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5

You can use the screen utility to do keep the session running even after you detach and then you can re-attach to the session. It’s available for Mac OS X, I believe. More information can be found at howtogeek and rackaid tutorials. Edit: Since screen is not what the OP is looking for, Mobile Shell (mosh) would fit the use case perfectly. (This is also ...


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No you can't do that. There should be something running on B that serves the clients. If the issue is only allowing connection after an initial SSH connection, you can set up a reverse SSH tunnel over the first SSH connection and open new SSH connection over the tunnel. But you still need to run SSH server on B.


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If machine B has a telnet server running, you can use the ssh connection from B to A to forward the telnet port so that machine A can connect to it even if direct access to the port is blocked by a firewall (as it should be). Assuming telnet is listening on the default port (23) on machine B, you'd do something like ssh -R 23:localhost:2023 A. A user on A ...


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Linux to Windows An X11 application uses an X Server to display the app's Graphical User Interface (GUI). Microsoft Windows does not come with an X Server out of the box so it can't display them BUT you can install an X Server application that will allow for that and there are free ones you can download and install. Windows to Linux Going the other ...


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How are these two Macintosh computers connected? Via a router? The way hostnames like macbookpro.local work is they are broadcast on the network via Bonjour which is simply Apple’s fancy name for broadcast/multicast network services: Bonjour, also known as zero-configuration networking, enables automatic discovery of devices and services on a local ...


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To connect to ssh you need to connect to port 22 on target server. To do so you need: Ensure that ssh server (openssh-server) is installed and running on Fedora machine. Find out your target machine external IP address (for example, run curl 'http://icanhazip.com' or open that URL in a browser). Find out your target server local IP address (for example, ...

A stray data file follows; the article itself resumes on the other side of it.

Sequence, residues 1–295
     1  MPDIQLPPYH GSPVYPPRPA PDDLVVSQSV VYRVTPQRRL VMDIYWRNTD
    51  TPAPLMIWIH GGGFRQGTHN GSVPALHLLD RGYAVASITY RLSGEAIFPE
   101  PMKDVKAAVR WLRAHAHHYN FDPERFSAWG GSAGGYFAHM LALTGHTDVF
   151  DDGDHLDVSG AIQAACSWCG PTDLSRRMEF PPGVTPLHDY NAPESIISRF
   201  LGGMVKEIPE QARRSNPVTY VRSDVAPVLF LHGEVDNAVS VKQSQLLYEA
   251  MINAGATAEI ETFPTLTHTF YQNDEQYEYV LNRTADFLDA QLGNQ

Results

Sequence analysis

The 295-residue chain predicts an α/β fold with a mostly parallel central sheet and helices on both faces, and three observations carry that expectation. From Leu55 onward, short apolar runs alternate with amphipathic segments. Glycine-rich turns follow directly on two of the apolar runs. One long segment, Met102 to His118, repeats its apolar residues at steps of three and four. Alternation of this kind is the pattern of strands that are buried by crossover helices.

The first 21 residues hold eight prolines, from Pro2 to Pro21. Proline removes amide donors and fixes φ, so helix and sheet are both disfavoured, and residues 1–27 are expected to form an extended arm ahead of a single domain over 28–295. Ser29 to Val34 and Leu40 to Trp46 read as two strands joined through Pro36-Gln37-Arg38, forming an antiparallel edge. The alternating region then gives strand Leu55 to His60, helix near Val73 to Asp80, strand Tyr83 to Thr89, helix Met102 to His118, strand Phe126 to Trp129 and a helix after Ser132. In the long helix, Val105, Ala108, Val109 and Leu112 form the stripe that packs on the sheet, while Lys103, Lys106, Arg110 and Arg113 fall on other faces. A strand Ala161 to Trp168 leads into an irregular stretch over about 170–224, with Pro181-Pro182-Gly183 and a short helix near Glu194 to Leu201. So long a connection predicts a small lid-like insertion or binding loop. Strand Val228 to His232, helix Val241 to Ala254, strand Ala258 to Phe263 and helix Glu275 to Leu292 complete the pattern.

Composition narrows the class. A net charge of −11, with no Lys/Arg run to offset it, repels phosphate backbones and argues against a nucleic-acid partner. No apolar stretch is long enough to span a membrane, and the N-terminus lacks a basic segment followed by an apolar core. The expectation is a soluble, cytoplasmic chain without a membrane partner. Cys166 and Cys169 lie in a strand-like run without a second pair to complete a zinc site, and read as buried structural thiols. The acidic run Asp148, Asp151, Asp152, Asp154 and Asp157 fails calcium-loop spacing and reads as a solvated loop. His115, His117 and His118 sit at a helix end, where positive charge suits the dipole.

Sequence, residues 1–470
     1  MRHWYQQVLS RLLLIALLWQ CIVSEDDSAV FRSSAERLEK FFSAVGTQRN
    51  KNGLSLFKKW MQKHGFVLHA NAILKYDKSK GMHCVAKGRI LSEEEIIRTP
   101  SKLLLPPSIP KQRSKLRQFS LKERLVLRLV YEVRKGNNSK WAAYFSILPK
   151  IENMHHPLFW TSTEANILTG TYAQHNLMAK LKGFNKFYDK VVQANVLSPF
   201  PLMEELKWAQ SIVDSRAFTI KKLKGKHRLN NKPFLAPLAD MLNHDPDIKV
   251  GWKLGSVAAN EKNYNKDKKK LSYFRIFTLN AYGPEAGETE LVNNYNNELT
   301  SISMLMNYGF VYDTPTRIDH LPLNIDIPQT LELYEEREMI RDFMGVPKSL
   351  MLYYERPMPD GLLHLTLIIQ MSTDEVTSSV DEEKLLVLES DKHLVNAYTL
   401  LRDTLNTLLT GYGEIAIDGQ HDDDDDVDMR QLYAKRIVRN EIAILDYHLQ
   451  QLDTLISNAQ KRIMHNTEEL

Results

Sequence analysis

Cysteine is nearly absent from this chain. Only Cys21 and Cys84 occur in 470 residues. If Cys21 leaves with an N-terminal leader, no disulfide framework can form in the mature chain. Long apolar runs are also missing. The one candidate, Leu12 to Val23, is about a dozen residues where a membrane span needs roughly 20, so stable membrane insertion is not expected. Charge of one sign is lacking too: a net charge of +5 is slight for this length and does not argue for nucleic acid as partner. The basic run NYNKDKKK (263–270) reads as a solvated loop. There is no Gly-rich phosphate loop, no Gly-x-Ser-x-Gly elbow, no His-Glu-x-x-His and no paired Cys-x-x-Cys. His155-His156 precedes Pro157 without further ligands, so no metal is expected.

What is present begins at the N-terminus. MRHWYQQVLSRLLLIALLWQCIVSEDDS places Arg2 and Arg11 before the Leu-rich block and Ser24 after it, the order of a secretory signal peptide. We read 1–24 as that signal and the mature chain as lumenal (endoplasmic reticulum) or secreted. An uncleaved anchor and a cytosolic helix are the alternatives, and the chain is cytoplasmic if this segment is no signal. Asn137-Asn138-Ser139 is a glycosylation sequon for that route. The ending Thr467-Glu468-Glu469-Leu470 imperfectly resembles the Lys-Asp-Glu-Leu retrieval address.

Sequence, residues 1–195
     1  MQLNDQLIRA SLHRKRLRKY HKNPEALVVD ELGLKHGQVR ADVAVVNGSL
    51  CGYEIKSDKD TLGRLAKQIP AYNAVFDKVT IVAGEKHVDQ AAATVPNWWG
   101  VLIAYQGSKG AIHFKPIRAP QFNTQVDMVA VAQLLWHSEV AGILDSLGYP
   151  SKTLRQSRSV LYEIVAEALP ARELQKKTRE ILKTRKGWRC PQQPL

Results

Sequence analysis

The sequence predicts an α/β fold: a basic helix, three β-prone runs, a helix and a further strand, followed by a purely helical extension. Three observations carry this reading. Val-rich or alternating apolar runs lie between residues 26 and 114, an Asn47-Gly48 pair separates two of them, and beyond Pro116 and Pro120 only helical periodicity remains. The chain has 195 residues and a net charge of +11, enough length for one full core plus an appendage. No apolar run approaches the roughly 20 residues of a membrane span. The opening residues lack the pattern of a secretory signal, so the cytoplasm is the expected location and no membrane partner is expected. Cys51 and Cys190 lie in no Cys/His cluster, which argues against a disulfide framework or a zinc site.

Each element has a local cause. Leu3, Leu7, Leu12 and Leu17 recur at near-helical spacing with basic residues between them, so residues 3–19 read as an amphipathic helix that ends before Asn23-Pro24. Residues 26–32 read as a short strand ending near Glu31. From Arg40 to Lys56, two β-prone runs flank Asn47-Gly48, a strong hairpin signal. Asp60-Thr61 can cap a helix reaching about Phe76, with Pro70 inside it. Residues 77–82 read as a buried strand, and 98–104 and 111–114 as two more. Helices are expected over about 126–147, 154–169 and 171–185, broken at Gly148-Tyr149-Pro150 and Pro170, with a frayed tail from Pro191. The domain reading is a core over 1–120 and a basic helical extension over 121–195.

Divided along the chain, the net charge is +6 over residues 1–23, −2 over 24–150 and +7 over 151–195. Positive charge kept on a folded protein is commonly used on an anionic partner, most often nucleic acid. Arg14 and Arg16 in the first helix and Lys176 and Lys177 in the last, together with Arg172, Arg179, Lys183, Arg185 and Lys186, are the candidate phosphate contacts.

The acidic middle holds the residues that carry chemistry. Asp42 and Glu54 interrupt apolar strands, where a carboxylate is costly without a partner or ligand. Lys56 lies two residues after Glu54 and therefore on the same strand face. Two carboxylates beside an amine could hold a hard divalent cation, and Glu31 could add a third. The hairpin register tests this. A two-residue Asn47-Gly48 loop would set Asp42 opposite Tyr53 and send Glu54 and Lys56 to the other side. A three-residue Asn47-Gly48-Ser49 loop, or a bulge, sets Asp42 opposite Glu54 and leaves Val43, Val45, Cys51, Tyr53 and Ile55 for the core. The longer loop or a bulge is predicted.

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I've not tried it - indeed I don't own a Mac, but I've bumped into this type of problem before over a WAN, and the solution could work for you - Set up a VPN between your Mac and your server - in this way the VPN can reconnect and give you the same VPN address - provided you manage to route your SSH session through the VPN tunnel, the keep-alives built in to ...


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You need something as mosh. It requires both server and client side components, but it works for mobile (roaming) devices. Screen and tmux may help you continue your work after reconnecting, but mosh keeps you connected/reconnecting. In my experience it also is helpful wen your router has a dynamic IP address.


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In Debian-based OSes, the package manager will create a file, /var/run/reboot-required, if a patch requires a reboot. This file is deleted when the machine is restarted. See this AskUbuntu post for more information about how to determine which package required a reboot. To get the same functionality in yum, it appears that you need to install a third-party ...


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Unfortunately, there is no other way to change your own password without having the current password in the first place. This would have to be done with elevated permissions. But since you don't have them anymore, or cannot get these through sudo, a last resort would be to boot into recovery mode and login as the root user. Although I don't think that would ...


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Install Openssh then sudo (https://github.com/droboports/sudo) login using ssh with the Admin account. Then go to /mnt/DroboFS/Shares/DroboApps/sudo/bin run ./sudo su - You are the root and can change the root passwdord back to something you can remember. To stay secure, you can remove sudo after that.


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Ok... This question is very old. Yet I can think of a way that will help in these kind of scenarios. Using wildcard(*) and %h parameters here. Let's assume Amazon's IP as 10.10.20.* and Rackspace IP as 20.20.10.*. The following config will help: Host 10.10.20.* Hostname %h User root IdentityFile ~/.ssh/aws.pem Host 20.20.10.* Hostname %h ...



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